Sleep Number protects individual data — not just of NFL players but all customers — but both sides think collective player data may lead to actionable insights for players and the league.
Campion said one of the interesting aspects of the promotion has been how many players have registered their bed online so they can get the full functionality of Sleep IQ through smart devices or through the Sleep IQ website.
Customers can simply purchase a 360 Smart Bed for the adjustability and temperature control. Downloading the app that records the Sleep IQ scores and provides data is optional. But with professional athletes — and among a growing number of amateur athletes as well — the feedback, Sleep Number said, can give insights into how things like diet, exercise and travel affect sleep quality, which can in turn affect performance.
Campion noted that players are competitive by nature and familiar with technology. They were quick to start comparing their Sleep IQ score with teammates. “We have a higher percentage of players’ beds online than the general populace,” he said.
There is a strong financial incentive for the NFL partnership to work. In March 2017, Sleep Number executives were issued special performance-based restricted stock units with a grant date value of $4.5 million that would be earned only if Sleep Number has diluted earnings per share of $2.75 per share or above for the full year ended Dec. 28, 2019.
It’s an ambitious earnings goal, and analysts think the company will fall short. The consensus estimate among analysts is $2.36 per share for 2019 and $2.72 by 2020.
The advertising end of the partnership includes traditional and social media advertising, plus digital streaming on platforms such as YouTube and Hulu.
Sleep Number has other branding efforts surrounding Smart 360. The company has boosted its corporate social responsibility efforts around sleep science. Over the summer, Sleep Number announced a campaign to improve the well-being of 1 million young people by 2025 through product donations and the sharing of sleep expertise and data.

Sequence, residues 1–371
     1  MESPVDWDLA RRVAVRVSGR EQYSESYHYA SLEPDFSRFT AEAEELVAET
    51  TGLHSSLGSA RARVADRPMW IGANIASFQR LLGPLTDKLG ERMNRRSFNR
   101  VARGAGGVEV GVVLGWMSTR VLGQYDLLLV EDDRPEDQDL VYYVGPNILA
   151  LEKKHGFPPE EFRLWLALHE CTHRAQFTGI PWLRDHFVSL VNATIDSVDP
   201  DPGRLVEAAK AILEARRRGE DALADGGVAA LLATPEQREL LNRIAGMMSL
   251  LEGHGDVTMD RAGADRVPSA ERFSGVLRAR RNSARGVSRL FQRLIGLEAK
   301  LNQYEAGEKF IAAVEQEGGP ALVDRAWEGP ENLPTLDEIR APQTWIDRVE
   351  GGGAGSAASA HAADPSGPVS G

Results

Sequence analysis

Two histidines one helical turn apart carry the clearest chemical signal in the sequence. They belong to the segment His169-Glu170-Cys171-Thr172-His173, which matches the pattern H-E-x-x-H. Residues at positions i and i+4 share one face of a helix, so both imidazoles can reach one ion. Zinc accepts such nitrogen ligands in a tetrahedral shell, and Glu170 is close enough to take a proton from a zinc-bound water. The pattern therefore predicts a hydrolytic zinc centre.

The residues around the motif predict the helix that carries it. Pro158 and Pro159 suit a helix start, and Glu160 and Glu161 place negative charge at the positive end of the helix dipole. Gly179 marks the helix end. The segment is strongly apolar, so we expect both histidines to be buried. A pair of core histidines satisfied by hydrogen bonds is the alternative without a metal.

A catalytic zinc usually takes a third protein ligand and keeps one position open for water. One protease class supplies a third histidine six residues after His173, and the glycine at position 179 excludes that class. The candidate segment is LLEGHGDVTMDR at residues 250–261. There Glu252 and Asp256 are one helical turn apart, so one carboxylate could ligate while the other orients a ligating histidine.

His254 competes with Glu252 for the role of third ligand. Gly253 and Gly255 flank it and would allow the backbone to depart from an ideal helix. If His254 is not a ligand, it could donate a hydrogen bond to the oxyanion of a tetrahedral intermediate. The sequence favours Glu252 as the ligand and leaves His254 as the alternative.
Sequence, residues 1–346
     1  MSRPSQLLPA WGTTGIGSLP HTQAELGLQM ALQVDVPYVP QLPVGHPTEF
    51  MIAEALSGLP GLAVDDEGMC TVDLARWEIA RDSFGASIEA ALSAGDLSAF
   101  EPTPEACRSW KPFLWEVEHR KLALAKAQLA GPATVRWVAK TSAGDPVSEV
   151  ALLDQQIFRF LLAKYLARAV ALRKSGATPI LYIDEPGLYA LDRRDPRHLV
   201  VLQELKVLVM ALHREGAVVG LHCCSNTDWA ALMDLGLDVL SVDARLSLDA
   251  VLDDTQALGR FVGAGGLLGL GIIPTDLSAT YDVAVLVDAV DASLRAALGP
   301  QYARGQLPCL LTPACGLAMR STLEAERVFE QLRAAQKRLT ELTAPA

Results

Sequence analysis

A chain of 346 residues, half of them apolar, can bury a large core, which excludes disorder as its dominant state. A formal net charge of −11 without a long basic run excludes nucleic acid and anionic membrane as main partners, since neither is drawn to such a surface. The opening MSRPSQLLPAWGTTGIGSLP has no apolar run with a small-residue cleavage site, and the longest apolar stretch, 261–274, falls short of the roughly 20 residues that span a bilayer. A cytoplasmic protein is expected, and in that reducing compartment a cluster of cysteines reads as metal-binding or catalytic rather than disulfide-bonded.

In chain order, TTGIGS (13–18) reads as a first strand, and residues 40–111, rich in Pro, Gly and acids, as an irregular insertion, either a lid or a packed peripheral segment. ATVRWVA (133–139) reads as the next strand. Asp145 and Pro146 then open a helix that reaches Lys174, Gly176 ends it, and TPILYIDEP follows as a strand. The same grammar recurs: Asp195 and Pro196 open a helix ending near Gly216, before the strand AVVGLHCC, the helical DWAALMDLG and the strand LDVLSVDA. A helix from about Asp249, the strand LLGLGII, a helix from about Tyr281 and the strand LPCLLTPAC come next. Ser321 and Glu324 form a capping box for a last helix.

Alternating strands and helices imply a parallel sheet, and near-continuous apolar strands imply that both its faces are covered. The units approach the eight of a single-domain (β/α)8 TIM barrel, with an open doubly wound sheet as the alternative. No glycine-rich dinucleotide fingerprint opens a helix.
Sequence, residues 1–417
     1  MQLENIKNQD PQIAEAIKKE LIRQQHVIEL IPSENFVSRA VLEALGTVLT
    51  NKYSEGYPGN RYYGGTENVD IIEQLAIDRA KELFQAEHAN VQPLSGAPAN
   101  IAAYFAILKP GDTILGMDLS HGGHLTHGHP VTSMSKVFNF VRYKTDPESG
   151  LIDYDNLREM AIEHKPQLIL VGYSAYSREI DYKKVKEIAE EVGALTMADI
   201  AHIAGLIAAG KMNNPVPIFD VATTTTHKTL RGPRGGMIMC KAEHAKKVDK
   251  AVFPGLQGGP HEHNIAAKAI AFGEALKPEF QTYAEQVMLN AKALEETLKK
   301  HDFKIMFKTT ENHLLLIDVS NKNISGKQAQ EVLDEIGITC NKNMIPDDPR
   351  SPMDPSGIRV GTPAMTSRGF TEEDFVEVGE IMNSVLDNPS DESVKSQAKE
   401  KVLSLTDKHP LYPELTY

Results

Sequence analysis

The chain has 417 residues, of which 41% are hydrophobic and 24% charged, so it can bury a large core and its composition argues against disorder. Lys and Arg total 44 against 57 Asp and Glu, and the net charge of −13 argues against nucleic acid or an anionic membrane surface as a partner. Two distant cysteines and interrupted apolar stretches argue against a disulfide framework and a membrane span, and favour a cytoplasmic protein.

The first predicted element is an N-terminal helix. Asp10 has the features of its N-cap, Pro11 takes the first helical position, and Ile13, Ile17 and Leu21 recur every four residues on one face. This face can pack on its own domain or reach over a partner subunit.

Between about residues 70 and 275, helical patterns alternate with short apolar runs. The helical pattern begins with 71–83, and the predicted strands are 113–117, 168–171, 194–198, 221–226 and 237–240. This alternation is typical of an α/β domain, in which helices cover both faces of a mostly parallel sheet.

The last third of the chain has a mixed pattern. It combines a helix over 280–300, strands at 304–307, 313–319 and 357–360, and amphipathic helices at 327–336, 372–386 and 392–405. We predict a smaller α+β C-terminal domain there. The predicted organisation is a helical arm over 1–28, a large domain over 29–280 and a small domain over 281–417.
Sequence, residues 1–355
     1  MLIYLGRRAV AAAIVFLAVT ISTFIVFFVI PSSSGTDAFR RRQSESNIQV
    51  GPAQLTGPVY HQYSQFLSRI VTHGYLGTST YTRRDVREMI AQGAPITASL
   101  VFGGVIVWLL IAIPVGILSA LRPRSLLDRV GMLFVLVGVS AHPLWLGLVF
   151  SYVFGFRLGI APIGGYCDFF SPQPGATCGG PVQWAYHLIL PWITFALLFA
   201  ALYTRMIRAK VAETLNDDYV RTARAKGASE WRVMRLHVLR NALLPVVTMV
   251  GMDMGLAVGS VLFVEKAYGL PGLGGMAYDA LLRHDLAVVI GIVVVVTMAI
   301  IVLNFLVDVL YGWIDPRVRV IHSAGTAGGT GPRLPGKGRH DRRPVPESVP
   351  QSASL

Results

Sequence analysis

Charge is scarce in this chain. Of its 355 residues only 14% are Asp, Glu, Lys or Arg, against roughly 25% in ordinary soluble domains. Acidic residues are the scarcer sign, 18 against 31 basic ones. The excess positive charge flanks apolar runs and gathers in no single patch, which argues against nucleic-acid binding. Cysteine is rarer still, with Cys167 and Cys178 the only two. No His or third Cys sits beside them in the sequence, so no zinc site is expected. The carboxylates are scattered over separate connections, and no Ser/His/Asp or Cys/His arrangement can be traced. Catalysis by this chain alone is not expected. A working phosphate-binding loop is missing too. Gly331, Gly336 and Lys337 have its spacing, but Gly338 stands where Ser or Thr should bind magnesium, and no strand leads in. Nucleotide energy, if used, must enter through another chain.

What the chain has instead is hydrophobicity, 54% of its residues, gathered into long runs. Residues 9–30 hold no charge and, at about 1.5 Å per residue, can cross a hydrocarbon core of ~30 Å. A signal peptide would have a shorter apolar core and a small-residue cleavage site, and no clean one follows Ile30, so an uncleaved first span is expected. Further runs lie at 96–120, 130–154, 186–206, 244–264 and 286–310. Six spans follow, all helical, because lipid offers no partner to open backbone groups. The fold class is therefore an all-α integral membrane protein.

Earlier this month at CES, the world’s largest technology show, Sleep Number again had a big presence that was noted by the trade press in part because it sponsored talks on how to change sleep habits and signed another contract with Arianna Huffington, who has become a sleep guru.
Pete Giorgio, a principal with Deloitte Consulting LLP and leader of its U.S. Sports practice, said the NFL builds partnerships that benefit both sides, but companies have to tell authentic and compelling stories to maximize their end of the partnership.
“Sleep Number is a great example of how you can take something like a bed and tell a real story of how it can impact a team or a player and have it resonate with consumers,” he said.
Mike Porter, a professor at the University of St. Thomas, said partnerships with sports leagues need to be about more than ego. A company has to make a link between the campaign and sales.
So far, Sleep Number has been successful with the NFL partnership, he said.
“They are doing something big, they are doing it thoughtfully and for a reason,” he said. “It’s going to work for them because they didn’t go into it blindly.”